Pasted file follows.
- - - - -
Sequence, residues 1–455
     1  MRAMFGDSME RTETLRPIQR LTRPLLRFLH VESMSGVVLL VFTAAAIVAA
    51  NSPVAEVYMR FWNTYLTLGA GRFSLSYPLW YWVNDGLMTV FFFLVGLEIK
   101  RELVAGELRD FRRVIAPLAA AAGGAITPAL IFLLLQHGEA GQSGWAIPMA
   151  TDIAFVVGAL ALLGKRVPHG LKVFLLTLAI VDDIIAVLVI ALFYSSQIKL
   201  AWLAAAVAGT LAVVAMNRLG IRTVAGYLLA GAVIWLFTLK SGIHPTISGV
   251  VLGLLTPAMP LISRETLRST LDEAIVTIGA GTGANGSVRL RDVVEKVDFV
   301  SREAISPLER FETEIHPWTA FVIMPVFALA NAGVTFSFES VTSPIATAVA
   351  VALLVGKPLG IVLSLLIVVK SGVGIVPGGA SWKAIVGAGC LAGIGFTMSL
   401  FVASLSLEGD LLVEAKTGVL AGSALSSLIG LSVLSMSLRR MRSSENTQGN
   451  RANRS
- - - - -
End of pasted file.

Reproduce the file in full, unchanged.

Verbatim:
Sequence, residues 1–455
     1  MRAMFGDSME RTETLRPIQR LTRPLLRFLH VESMSGVVLL VFTAAAIVAA
    51  NSPVAEVYMR FWNTYLTLGA GRFSLSYPLW YWVNDGLMTV FFFLVGLEIK
   101  RELVAGELRD FRRVIAPLAA AAGGAITPAL IFLLLQHGEA GQSGWAIPMA
   151  TDIAFVVGAL ALLGKRVPHG LKVFLLTLAI VDDIIAVLVI ALFYSSQIKL
   201  AWLAAAVAGT LAVVAMNRLG IRTVAGYLLA GAVIWLFTLK SGIHPTISGV
   251  VLGLLTPAMP LISRETLRST LDEAIVTIGA GTGANGSVRL RDVVEKVDFV
   301  SREAISPLER FETEIHPWTA FVIMPVFALA NAGVTFSFES VTSPIATAVA
   351  VALLVGKPLG IVLSLLIVVK SGVGIVPGGA SWKAIVGAGC LAGIGFTMSL
   401  FVASLSLEGD LLVEAKTGVL AGSALSSLIG LSVLSMSLRR MRSSENTQGN
   451  RANRS